28th Nov 2020


Arab Spring: EU influence at risk

  • Egypt on Saturday marked the first anniversary of the fall of Hosni Mubarak. (Photo: khalid Albaih)

Egypt on Saturday (11 February) marked the first anniversary of the fall of Hosni Mubarak, with crowds blocking the streets of Cairo and demanding that the ruling Supreme Council of the Armed Forces (Scaf) delivers on its promise to transfer power to civilian rule.

Egypt is a showcase of how the European Union's weight in the region is decreasing.

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So far, the Union has been little more than a timid bystander in Egypt's democratic transition. Now it is standing by and watching as the US tries to stamp its influence on post-Mubarak Egypt - a tug-of-war between Washington and Cairo which may determine the future of Europe's most vital interests in the Middle East.

The recent Scaf campaign to crack down on NGOs working to support the transition recently culminated in the indictment of 44 Egyptian and foreign employees, accused of "operating without a licence ... receiving unauthorised foreign funding ...[and] engaging in political activity."

Those indicted - among whom are 16 Americans and two Germans - have been banned from leaving the country and are to face trial in Cairo's criminal court. If convicted, they face up to five years in prison.

The motives for the witch-hunt - initiated by Egypt's minister of planning and international co-operation, Fayza Abouelnaga, one of the few holdovers from the Mubarak era - are obvious.

The conspiracy theory that foreigners are trying to destabilise the country resonates well the Egyptian public. The NGO crackdown distracts from the government's increasing lack of legitimacy - mass mobilisation is back and people are calling for Scaf heads. It is also way to intimidate reformers - in particular liberal pro-democracy activists, the main target of the crackdown, who are represented in civil society more so than in the party political landscape.

The indictments have put Egyptian-US relations on a knife-edge, and the fact that one of the indicted workers is the son of US transport secretary Ray LaHood makes matters worse.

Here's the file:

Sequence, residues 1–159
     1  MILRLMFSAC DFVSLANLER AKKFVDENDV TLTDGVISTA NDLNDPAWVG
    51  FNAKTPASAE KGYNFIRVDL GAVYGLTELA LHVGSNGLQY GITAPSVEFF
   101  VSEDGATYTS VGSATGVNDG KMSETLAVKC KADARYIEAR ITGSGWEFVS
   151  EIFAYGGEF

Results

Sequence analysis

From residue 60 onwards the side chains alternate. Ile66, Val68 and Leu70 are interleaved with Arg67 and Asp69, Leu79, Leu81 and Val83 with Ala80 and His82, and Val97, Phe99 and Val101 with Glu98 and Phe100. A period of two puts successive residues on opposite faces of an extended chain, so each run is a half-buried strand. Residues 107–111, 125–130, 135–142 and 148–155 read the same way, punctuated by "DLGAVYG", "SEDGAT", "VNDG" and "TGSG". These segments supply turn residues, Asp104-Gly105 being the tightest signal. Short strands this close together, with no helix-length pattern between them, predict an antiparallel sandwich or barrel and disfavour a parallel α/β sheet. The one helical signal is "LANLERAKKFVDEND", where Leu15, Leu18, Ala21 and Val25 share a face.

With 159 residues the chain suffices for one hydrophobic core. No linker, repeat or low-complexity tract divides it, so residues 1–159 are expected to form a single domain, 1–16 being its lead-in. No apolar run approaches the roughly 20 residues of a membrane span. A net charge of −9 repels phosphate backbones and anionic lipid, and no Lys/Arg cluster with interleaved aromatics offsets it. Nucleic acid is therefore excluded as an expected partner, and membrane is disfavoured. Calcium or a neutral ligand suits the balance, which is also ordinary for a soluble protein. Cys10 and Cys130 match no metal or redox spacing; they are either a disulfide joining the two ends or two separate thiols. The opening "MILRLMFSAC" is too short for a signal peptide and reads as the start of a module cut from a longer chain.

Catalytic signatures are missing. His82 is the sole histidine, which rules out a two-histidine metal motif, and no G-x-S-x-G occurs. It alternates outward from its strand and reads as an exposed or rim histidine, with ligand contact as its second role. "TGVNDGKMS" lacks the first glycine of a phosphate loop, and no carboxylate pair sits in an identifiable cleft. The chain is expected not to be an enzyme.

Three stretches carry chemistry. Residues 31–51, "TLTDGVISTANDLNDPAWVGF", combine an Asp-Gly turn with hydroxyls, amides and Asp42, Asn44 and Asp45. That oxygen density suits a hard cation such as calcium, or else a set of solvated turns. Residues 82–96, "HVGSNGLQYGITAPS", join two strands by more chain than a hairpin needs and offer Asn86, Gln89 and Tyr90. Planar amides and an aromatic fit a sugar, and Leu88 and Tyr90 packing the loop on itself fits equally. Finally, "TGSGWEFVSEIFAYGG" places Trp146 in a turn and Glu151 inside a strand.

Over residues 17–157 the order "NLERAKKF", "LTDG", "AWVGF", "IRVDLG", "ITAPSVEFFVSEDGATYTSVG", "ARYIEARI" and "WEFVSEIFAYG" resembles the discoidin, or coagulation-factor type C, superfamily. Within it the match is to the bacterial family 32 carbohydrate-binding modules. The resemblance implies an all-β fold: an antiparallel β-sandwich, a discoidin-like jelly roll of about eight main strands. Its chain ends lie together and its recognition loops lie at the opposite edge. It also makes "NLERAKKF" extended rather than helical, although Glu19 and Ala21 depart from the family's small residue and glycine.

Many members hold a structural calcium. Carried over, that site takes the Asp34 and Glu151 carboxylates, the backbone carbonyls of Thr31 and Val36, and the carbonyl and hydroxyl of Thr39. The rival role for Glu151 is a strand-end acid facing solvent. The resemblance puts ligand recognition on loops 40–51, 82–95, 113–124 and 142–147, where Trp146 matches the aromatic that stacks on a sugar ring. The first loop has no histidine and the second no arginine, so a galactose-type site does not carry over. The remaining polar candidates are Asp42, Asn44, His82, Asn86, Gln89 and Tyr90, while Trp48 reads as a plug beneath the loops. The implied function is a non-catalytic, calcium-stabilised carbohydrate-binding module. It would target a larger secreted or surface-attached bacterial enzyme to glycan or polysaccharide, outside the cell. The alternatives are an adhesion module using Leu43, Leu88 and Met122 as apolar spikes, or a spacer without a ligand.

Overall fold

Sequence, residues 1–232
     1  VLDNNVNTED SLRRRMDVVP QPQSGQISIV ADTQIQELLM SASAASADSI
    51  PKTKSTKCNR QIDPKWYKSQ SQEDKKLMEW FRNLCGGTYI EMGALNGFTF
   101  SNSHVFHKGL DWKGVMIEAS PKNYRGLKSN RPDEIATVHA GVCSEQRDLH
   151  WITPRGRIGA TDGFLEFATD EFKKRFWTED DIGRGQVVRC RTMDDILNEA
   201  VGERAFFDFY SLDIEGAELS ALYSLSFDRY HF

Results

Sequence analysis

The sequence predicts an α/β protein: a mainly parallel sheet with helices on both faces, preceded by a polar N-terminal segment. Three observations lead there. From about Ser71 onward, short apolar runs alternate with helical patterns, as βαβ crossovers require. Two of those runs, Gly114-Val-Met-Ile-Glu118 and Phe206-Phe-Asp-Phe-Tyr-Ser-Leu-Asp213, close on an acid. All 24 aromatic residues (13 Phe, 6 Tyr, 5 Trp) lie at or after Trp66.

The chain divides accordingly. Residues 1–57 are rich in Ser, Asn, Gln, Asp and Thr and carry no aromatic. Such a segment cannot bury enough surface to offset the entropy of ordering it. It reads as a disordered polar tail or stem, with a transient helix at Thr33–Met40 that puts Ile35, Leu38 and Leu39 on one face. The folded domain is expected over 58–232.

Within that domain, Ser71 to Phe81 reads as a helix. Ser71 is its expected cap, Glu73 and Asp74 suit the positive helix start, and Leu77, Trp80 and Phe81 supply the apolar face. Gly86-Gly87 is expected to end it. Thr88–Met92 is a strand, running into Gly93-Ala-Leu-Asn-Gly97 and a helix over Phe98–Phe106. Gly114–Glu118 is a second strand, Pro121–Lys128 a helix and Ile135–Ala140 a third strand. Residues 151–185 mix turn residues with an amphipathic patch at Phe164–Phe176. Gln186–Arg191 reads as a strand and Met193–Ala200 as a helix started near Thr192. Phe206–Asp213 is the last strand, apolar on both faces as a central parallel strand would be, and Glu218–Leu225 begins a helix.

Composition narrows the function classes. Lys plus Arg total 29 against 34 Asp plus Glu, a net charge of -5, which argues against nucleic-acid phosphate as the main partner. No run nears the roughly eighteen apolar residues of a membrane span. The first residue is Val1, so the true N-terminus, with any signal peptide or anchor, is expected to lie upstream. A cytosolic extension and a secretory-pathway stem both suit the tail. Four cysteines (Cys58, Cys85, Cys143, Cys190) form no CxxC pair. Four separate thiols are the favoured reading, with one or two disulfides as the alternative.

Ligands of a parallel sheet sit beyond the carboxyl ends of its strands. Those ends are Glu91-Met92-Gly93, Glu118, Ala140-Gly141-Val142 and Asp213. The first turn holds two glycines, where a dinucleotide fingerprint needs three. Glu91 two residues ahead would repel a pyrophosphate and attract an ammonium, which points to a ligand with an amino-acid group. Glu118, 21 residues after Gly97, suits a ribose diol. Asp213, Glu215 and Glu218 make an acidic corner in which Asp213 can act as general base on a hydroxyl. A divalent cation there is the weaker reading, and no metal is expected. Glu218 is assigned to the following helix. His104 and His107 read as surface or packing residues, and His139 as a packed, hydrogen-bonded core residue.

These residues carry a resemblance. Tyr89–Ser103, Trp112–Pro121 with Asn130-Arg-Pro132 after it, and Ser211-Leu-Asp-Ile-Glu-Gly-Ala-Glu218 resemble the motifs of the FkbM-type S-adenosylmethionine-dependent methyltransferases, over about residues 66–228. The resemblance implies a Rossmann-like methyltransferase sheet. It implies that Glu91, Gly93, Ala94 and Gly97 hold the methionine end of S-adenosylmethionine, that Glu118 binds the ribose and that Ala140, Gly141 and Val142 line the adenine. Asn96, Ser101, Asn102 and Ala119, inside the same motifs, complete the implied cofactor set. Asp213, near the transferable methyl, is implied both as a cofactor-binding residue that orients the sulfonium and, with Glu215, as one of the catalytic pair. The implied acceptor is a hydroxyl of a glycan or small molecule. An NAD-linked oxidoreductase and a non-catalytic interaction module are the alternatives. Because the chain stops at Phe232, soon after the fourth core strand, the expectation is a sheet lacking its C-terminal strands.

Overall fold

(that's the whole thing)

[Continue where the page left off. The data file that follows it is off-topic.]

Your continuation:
The US could end up freezing badly-needed aid. Egypt is currently negotiating a $3.2 billion loan from the Washington-based International Monetary Fund (IMF). Non-IMF US aid ($1.6 billion annually) has already been frozen since December, pending assurances that Egypt's new rulers will not harm Israel and will support democracy.

The US aid package - $1.3 billion of which goes directly to the ruling generals' military budget - has been the backbone of the US-Egyptian security partnership since the signature of the Camp David peace accords in 1979 and of Egypt's regional security strategy in general. Now it is at serious risk.

Much of the EU's wariness of the 2011 Arab uprisings is also rooted in fears that new Islamist governments, linked to the pan-Arab Muslim Brotherhood movement, may be less friendly toward Israel. The Union's top priority in its talks with Egypt's emerging leaders is the continuation of the Egypt-Israel peace treaty.

As things stand, the EU can do little to influence the course of events.

Its sway in Egypt was always small and became even smaller with Mubarak's departure. The EU last year increased its financial assistance to the Arab world. But the numbers are still too low to give it anywhere near the leverage that the US or the IMF have over Egypt's future.

From 2007 to 2010, the EU's bilateral assistance to Egypt amounted to just €558 million. Even as EU diplomats debate what kind of conditions they should put on new aid to the region, up-and-coming political forces in several north African countries have gained in popularity by rejecting conditional aid.

It is unlikely that the US will bin the Camp David arrangement for the sake of human rights alone.

But the patron-client relationship which characterised EU and US relations with Arab countries is beginning to look out of date in the post-authoritarian Middle East. The end of the ancien regime is an opportunity for the EU to build new relations with long-term benefits both for the Union and the Arab Spring region.

It might not happen just yet. But, EU and US policy-makers must face the fact that they are entering a post-Camp-David world.

Kristina Kausch is senior fellow and research coordinator at Fride


The views expressed in this opinion piece are the author's, not those of EUobserver.

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